Snapchat is a publicly traded company with a strict focus on making money. Social media is a competitive industry and they are doing everything to stay on top. With pornography being a billion dollar industry, what a win-win for the two to join forces," Val Senegal, Hearts of Hope's Education Director.

Now is the time to become the vigilant parent. We have been saying this for two years now, monitor your children's electronics and social media accounts. Use two-party authentication to control their logins and activity. Have access to their accounts on your own devices as well as the passwords. Set strict consequences when they violate any of the ground rules you've laid regarding social media. Have a conversation with them OFTEN about the dangerous effects of pornography. What you do today, matters later when your child becomes an adult.

For further reading, please CLICK. Learn more about Hearts of Hope's #NowMattersL8R program. This information has been provided by Val Senegal, Education Director of Hearts of Hope. 

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Viewer Discretion Advised

Legislative Bills Alert

Public awareness of what our legislators are doing and how they are voting is extremely important. After all, you vote them in and you have the power to vote them out if you don't think they are doing a good job. If social justice issues regarding sexual & domestic violence are important to you, we want to help get your voice elevated in the community and amplified in the legislator. Learn your legislators by visiting the Louisiana state legislature website. From this website, you can also track bills and track sessions and committees. Start a dialogue with your legislators by sending an email or visiting their social media pages. 

If you are going to a doctor’s appointment, you can actually stream audio of a hearing session to get first hand information. The fact of the matter is TECHNOLOGY FUELS CONSTITUENT COMMUNICATION. Almost every legislator I know relies heavily on their computers to communicate with their constituent.

Click HERE to view the 2018 Legislative results regarding impact for sexual abuse survivors.This information has been provided by Val Senegal, Education Director of Hearts of Hope.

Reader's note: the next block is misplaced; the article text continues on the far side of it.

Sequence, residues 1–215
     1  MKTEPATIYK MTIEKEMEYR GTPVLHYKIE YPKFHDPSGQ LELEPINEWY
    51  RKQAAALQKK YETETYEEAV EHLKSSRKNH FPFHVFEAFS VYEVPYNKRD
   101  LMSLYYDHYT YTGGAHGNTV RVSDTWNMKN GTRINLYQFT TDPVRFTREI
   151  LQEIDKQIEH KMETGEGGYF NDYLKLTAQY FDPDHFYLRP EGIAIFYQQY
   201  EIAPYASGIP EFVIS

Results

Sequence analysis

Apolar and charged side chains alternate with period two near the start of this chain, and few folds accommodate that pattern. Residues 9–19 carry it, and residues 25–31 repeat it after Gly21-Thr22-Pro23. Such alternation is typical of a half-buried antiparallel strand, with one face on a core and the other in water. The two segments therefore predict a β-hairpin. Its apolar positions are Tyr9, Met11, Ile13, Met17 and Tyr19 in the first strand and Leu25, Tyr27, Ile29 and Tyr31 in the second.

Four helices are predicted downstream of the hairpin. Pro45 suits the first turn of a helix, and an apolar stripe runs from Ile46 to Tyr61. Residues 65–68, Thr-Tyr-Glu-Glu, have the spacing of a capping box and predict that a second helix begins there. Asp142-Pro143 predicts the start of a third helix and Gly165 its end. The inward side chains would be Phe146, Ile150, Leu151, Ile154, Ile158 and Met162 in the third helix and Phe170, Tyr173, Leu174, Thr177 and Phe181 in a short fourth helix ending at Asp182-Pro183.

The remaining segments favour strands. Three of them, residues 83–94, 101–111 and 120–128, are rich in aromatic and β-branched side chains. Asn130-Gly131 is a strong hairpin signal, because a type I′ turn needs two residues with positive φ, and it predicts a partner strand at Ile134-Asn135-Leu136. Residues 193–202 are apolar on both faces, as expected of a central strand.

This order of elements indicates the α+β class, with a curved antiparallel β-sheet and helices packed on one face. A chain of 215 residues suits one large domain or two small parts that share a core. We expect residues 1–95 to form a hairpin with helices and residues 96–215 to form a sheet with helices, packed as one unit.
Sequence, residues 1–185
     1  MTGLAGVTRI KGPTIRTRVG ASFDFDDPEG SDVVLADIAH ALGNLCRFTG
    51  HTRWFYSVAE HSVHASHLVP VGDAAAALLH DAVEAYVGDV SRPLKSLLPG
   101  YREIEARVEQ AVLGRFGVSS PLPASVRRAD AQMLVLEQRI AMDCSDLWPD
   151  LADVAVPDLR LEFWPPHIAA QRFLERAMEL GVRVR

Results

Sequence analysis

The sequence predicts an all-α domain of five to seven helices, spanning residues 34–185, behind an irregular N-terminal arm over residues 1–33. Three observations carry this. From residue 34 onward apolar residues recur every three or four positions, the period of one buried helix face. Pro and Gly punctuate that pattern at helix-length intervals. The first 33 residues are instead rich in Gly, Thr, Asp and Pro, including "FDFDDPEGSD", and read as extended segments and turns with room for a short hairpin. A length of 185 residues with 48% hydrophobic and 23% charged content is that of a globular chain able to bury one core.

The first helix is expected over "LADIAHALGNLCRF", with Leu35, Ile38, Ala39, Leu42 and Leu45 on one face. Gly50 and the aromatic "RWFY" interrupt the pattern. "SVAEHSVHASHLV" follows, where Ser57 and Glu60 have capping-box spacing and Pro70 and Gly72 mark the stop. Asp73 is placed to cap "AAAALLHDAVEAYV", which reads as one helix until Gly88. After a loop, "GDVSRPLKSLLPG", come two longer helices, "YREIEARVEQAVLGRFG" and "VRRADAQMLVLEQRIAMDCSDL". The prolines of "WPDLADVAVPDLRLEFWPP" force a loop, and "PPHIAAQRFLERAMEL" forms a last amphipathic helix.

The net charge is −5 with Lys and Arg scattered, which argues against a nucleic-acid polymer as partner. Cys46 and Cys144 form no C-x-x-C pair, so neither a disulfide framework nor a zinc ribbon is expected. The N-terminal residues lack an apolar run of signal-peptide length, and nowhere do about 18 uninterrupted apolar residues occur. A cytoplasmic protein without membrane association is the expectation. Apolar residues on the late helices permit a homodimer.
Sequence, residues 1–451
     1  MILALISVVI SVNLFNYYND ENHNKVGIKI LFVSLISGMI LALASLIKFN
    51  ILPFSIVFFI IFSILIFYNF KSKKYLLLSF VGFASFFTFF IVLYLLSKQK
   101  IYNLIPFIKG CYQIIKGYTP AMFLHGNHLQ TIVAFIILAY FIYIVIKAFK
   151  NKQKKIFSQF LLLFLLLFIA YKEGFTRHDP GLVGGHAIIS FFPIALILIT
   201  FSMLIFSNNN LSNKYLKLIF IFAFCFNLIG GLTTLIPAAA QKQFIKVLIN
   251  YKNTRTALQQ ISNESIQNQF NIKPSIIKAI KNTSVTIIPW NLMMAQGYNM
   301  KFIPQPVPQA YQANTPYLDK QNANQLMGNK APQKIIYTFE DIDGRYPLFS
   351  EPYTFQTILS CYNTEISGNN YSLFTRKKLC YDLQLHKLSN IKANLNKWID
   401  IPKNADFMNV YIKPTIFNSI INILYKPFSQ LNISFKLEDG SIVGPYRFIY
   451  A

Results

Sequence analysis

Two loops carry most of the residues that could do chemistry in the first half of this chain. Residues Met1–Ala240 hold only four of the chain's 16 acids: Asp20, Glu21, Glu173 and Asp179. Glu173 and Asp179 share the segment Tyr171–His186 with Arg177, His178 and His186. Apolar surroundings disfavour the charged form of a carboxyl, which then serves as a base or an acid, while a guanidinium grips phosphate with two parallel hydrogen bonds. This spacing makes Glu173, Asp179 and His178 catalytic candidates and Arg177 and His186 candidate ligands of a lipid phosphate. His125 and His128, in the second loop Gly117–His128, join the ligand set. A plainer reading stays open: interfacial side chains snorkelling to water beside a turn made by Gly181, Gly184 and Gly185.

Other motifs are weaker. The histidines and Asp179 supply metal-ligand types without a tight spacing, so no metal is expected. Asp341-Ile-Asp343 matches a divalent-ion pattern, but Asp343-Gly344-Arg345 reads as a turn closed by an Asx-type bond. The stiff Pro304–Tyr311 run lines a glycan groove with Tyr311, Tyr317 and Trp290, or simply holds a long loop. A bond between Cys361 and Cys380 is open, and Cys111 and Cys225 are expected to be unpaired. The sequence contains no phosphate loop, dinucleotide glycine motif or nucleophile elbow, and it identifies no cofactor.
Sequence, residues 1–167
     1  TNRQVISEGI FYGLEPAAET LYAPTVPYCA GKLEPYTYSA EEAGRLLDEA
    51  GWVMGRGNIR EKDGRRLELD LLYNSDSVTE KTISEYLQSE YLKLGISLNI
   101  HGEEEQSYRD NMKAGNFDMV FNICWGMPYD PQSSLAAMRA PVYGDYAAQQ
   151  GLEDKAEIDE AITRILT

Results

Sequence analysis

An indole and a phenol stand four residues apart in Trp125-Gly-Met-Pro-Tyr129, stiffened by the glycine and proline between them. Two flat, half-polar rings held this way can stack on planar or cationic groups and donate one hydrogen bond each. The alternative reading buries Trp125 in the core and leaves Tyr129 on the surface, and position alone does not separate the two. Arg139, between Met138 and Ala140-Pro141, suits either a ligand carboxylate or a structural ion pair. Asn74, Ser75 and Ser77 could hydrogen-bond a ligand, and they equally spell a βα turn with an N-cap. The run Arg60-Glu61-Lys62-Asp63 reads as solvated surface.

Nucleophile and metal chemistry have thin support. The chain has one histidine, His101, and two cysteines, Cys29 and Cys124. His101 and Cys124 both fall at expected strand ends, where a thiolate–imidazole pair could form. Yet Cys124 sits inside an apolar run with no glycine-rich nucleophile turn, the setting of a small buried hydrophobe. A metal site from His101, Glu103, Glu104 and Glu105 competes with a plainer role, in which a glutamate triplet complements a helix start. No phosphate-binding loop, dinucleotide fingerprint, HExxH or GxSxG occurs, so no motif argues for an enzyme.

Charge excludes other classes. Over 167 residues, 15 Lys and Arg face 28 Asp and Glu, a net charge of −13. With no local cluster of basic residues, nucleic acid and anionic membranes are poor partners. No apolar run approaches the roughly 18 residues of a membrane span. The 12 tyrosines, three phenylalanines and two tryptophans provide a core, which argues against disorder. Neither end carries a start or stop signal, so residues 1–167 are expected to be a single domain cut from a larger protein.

This information has been provided by Val Senegal, Education Director of Hearts of Hope. 

Myths about Sexual Abuse


MYTH: Child sexual abuse is a cultural or socio-economic problem.
FACT: Sexual abuse crosses all barriers. It happens in large and small families, in cities and rural areas, and in homes, schools and churches.

MYTH: All child victims tell of their abuse.
FACT: Most sexually abused children do not disclose their abuse, even when directly asked by parents or other authority figures. Children may take time to process what has occurred and realize that they should tell, but even then, they may be too afraid that the news will hurt or trouble their family, or that they won’t be believed. Sometimes they are threatened in some way by the offender.

MYTH: Children who are sexually abused will grow up to abuse others.
FACT: Child sexual victimization does not automatically lead to sexually aggressive behaviors. If a child discloses an incident of abuse early and is believed and supported by family and friends, they have a much higher likelihood of coping with the trauma and moving forward into adulthood positively.

MYTH: Children are only sexually abused by men.
FACT: Although male offenders tend to be the majority of reported cases of abuse, reports show that female perpetrators and child-on-child incidents are on the rise. Female offenders have been reported in cases of abuse of both male and female children.

Click HERE for more information about understanding sexual violence. This information has been provided by the Hearts of Hope Education Director, Val Senegal.

7 Steps to Protect Our Children


  • It is likely that you know a child who has been or is being abused.
  • It is also likely that you know an abuser. The greatest risk to children doesn’t come from strangers but from friends and family.
  • 70% of all reported sexual assaults that occur are children under the age of 17.
  • Most child victims never report the abuse.


  • Eliminate or reduce any 1 adult/1 child situations.
  • Teach boundaries.
  • Monitor internet use & keep the computer in the family room.


  • Children often keep abuse a secret, but barriers can be broken down by talking openly about it.
  • Understand why children are afraid to “tell.”
  • Know how children communicate.
  • Talk to other adults about child sexual abuse.


  • Watch for physical and emotional signs (listed above).
  • Behavioral or emotional signals are more common than physical signs.
  • Be aware that in some children there are no signs ever.


  • Don’t overreact.
  • Support.
  • Report incident.


  • Trust your instincts – very few reported incidents are false.
  • Call the Children’s Advocacy Center in your area if you have questions or concerns about making a report.
  • Call Law Enforcement or the Department of Child & Family Services to make a report of child abuse.


  • Volunteer or financially support organizations that address child sexual abuse.
  • Call or write your Congressman.
  • Support legislation.

Download a printable brochure by clicking HERE. This information has been provided by the Hearts of Hope Education Director, Val Senegal.